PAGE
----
Egg omelets are made of. Can you give me an omelet recipe?

Turkey
February 10, 2010 8:53am CST
Breakfast is usually eaten in omelets. Omelets in the egg. Do you know the recipe omelet?
1 person likes this
2 responses
@owlwings (37883)
• Cambridge, England
10 Feb 10
An omelet is one of the easiest things to make. First you need a good, well seasoned preferably heavy pan with rounded edges and a flat bottom. The edges should be rounded so that the omelette can be easily slipped from the pan when done. This pan should ONLY ever be used for omelettes and should never be washed. Put a knob of butter in the pan and heat until the butter stops foaming. Do not let it turn brown. Next, break one or more eggs into a bowl and add one tablespoon (15ml) of water per egg. Add a pinch of salt and some freshly ground pepper to taste. A pinch of mixed dried herbs may be added, if liked. Mix the eggs with a fork until the yolks and whites are roughly blended. Pour the mixture (or part of it, depending on the size of the pan and the number of omelettes required) into the pan. It should immediately begin to form a skin at the bottom. With the fork (or a spatula), gently lift the skin around the edge and tip the pan so that the liquid egg can flow under it. Continue to do this until most of the liquid egg is used and cook until the top is still moist but not runny. The omelette should now be loose in the pan and will move when the pan is shaken. With a spatula, lift the edge of the omelette nearest the handle and fold it over the other half, so that you have a semicircle. Slide the omelette out of the pan and onto the plate. Serve immediately. Repeat the above as necessary. If you want a filled omelette, place the filling on the half of the omelette which is furthest from the handle before folding the other half over it.
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@owlwings (37883)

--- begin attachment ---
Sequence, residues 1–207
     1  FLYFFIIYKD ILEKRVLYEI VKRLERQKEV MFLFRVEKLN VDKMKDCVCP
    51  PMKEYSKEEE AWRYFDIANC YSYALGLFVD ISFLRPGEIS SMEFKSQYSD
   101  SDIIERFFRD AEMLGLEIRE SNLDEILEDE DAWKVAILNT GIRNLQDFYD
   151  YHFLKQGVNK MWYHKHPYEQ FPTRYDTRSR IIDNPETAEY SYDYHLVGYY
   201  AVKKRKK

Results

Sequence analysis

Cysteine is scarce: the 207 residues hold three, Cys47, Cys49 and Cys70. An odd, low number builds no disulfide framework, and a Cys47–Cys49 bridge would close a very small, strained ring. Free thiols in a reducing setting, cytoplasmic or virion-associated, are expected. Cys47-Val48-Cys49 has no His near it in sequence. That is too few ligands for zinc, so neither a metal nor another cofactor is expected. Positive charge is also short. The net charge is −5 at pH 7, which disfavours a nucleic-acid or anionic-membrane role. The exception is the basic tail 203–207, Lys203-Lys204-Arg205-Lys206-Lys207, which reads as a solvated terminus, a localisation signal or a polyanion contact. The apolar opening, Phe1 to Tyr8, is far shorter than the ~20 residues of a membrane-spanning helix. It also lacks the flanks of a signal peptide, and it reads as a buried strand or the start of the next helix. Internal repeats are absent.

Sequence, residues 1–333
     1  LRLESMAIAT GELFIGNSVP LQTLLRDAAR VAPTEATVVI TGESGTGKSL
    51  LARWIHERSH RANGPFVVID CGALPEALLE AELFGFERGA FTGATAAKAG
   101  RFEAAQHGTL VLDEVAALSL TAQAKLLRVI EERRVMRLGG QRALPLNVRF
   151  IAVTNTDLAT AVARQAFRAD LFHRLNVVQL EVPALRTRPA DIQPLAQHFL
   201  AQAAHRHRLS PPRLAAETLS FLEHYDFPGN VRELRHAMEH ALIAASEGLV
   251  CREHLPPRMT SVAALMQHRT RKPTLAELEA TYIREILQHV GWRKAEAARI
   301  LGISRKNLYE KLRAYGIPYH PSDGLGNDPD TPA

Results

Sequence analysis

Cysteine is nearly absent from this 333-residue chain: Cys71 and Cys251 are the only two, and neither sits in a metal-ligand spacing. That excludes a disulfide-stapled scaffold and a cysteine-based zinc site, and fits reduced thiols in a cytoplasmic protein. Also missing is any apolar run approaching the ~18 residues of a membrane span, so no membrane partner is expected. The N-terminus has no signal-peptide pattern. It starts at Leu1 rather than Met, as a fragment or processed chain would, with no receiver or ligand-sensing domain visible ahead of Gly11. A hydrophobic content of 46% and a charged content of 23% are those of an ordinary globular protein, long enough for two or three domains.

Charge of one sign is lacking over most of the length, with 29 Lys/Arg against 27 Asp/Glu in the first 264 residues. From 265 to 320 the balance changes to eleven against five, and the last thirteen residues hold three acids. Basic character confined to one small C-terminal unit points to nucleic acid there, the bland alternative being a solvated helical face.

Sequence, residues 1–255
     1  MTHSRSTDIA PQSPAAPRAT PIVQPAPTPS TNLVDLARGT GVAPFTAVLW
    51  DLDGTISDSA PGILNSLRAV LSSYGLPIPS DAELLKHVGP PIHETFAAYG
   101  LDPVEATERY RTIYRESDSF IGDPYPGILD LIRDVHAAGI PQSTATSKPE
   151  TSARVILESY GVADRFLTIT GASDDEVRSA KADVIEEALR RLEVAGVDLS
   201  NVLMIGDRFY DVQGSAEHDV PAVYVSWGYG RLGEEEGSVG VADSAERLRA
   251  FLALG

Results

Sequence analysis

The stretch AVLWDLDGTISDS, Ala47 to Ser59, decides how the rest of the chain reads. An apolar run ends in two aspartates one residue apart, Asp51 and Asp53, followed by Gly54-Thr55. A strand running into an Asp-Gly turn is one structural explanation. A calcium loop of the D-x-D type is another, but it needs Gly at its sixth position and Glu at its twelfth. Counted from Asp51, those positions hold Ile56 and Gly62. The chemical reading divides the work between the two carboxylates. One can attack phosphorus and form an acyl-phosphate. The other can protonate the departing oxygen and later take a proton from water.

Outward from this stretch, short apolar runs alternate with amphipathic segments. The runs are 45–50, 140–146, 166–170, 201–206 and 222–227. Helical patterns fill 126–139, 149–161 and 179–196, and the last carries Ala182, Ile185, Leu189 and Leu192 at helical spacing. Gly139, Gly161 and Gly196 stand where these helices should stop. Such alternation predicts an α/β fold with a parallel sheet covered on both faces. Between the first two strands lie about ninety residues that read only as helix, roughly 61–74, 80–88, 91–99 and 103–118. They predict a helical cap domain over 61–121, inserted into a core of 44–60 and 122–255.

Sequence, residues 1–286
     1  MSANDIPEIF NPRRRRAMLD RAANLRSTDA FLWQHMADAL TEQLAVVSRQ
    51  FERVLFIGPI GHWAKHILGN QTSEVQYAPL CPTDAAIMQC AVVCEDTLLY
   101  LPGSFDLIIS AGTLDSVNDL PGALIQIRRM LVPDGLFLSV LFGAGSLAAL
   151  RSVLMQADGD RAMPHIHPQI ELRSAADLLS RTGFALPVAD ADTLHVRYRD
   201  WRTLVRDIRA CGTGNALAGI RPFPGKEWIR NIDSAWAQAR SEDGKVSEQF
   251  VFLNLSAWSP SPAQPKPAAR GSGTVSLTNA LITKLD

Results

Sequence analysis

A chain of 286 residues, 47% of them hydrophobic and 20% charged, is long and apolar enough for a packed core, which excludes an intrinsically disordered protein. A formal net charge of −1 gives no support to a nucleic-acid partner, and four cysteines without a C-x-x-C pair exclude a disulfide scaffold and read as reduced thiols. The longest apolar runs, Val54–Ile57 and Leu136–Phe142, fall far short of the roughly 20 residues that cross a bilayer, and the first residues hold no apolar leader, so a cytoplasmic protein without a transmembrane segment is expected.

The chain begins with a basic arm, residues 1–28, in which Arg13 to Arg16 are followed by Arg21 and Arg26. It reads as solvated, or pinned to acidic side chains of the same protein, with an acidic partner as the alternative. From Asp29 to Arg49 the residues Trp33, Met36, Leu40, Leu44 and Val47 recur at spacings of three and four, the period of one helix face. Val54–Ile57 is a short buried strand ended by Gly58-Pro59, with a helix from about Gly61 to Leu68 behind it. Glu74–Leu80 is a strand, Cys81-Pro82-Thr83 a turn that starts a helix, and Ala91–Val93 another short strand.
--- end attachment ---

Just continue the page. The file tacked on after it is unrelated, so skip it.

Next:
• Cambridge, England
10 Feb 10
To clean the pan after use, sprinkle a little salt in it and wipe round with kitchen paper. A good omelette pan is made of cast iron and should be seasoned before use by covering the inside with a thin coating of a good high temperature oil and heating until the oil smokes. Allow to cool and wipe dry with kitchen paper or a dry cloth. The longer it is used in this way, the more non-stick it becomes. If necessary, it may be lightly rinsed with clean water (never, ever use soap or detergent or it will have to be re-seasoned all over again) from time to time but only in order to remove any particles of food that have clung to it. This should really never be necessary.
• United States
13 Feb 10
very intersting owlwings on how to clean the pan. I haven't had an iron pan since I was a teenager.
1 person likes this
@owlwings (37883)
• Cambridge, England
13 Feb 10
The good thing about a properly seasoned iron pan is that you can use metal tools with it. If you use metal tools with one of the modern non-stick coatings, you are bound to damage it. A cast iron pan spreads and evens out the heat much better than a lighter aluminium pan, too. The disadvantages are that a cast iron pan is heavier and that the handle tends to get hot (but not so hot that you cannot use a cloth when handling it).
• United States
13 Feb 10
Usually my husband just mixes up 3-4 eggs in a bowl til smooth & a dash of milk + salt & pepper. Spray the pan with Pam or the alike. He usually leaves it in the pan til it is almost cooked then adds cheese, sausage (or any lefover meats or lunch meat) & canned mushrooms let cook til the cheese is melted and serves.